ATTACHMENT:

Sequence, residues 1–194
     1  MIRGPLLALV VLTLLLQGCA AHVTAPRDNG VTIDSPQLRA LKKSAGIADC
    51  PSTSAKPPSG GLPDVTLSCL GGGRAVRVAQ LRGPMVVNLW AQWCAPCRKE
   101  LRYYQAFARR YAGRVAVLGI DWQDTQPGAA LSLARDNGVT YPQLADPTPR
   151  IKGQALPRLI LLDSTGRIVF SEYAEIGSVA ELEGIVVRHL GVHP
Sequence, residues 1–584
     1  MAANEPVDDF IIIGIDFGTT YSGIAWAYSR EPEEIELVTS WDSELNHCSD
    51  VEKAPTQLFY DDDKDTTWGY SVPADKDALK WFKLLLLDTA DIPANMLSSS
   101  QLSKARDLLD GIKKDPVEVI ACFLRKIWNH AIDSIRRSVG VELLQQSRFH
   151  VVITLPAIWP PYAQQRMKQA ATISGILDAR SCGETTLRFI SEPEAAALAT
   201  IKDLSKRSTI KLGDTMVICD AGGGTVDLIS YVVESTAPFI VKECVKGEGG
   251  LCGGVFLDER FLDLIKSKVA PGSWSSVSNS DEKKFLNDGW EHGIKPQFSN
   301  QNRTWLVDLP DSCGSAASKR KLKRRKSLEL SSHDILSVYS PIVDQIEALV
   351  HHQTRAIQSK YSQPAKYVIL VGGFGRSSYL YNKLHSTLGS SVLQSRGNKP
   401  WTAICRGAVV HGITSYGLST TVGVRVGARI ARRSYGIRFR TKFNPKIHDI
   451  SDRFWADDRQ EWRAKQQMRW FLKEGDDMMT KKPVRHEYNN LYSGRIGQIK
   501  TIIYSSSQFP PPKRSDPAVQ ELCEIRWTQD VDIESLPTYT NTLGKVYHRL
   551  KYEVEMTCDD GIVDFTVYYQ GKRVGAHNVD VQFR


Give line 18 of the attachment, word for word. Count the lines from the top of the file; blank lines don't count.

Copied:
   551  KYEVEMTCDD GIVDFTVYYQ GKRVGAHNVD VQFR